• Guckenberger profile imageAUTHOR

      Alexander James Guckenberger 

      7 weeks ago from Maryland, United States of America

      Eric, that sounds right. Hebrews, Arabs, Persians... all super hairy people, no? Eric, I think what you wrote about the meeting of sizes is truth too. Though, I do think there is much more room for size difference here. Not to be terribly gross, but the two pieces have to be of the right sizes to at least rub against each other well enough during the act. Still, selective breeding can do amazing things. Just look at the wide variation of dog sizes!

      And - my friend, you don't need to tread too lightly. Perspective can make too apparently separate ideas become validated. For example, our sun can be a small ball of light and a massive nuclear factory at the same time. Those things don't sound like the same thing, but in the instance of our star they are. I very much appreciate your input. You're a smart man, and I'm sure that your family appreciates you for that.

    • Guckenberger profile imageAUTHOR

      Alexander James Guckenberger 

      7 weeks ago from Maryland, United States of America

      Elihah, I don't know what your opinion is exactly, but I'm very much against modern-day circumcision. Do you feel that it is still necessary? I've read your explanation, and sometimes a thing can possess more than one origin. But, I feel as though circumcision started among the Hebrews as a way for Heavenly Father to protect the Hebrews. It might have helped them to blend in amidst the Egyptians, whom the Hebrews often saw themselves with. The ancient Egyptians seem to have began the practice as a way to admire their angelic being Osiris, who lost his shaft. Thus, it made sense for his admirers to cut a small piece of their own shafts in remembrance and love of him. Circumcision would thus have been a way to make a Hebrew look like an Egyptian. Your thoughts?

    • The0NatureBoy profile image

      Elijah A Alexander Jr 

      7 weeks ago from Washington DC

      No, Alex. As hairy man we were required to pull the foreskin inside out over the phallus like pulling on a condom and use only the first two or so inches in the penetration and when the boy ejaculated he went deep inside the girl and as he lost the erection the girl's body pulled the foreskin back over it when we exited her. At that time man mated only for reproduction, about once every 13 years due to the 9 months the child gestated, 12 years or nursing til the child got its permanent teeth and months so until the girl ovulated again.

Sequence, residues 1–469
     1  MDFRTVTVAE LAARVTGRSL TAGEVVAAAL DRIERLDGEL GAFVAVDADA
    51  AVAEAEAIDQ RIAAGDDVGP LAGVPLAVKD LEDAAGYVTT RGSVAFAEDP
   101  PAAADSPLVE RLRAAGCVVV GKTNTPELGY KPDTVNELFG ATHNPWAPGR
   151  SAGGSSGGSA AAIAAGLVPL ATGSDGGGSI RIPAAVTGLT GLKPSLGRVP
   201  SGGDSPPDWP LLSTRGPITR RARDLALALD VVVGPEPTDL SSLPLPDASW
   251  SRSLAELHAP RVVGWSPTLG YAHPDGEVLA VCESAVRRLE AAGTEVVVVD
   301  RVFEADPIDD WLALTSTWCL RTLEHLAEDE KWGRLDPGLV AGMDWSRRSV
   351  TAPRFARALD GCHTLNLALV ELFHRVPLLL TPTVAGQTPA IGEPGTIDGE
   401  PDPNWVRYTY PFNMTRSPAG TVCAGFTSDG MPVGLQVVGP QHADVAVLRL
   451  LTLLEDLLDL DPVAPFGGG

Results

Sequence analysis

That is why Adam and Eve were too ashamed to ask the voice how. When observing the other animals mating it showed their phalli extending out of their foreskins so Eve refused to allow him to penetrate her with the hair. Thus, the reason for the hair being removed and man left with our skin coats that with Abraham the circumcision revealed the why.

    • Ericdierker profile image

      Eric Dierker 

      7 weeks ago from Spring Valley, CA. U.S.A.

      .Very Interesting. For some reason I understood the least hairy were desert dwellers and the hairiest were Arctic type dwellers. Interesting about phallic. And there I thought the size of females was met by the size of males.

    • Guckenberger profile imageAUTHOR

      Alexander James Guckenberger 

      7 weeks ago from Maryland, United States of America

      Elijah, from what I know, we were once much hairier than we are currently. Even the phallus? yes, that seems plausible. Perhaps even likely.

      I can see hair adding stimulation to the female. Female genitalia is basically the same as the male's (more or less), just inside-out (more or less).

      Meditating on ideas, opinions, and thoughts should be good for the both of us my friend.

      Take care of yourself; be safe, and be healthy. :)

    • The0NatureBoy profile image

      Elijah A Alexander Jr 

      7 weeks ago from Washington DC

      Very interesting reading, Alexander, some I still have questions about because I believe before civilization man were as hairy as most other species which included our foreskin cover for the Phallic.

      In using the Biblical stories of man's development into human I believe the foreskins were hairy and the hair was removed once man stop living ecologically, in the garden. That would explain man's longer phalli, we were required to pull the foreskin back like pulling on a condom in order to mate, which only left about 2 inches usable. I believe it is because of the lack of hair that few girls find gratification with the act of sex.

      The rest of your presentation I will have to give deeper contemplation. Thanks for sharing it.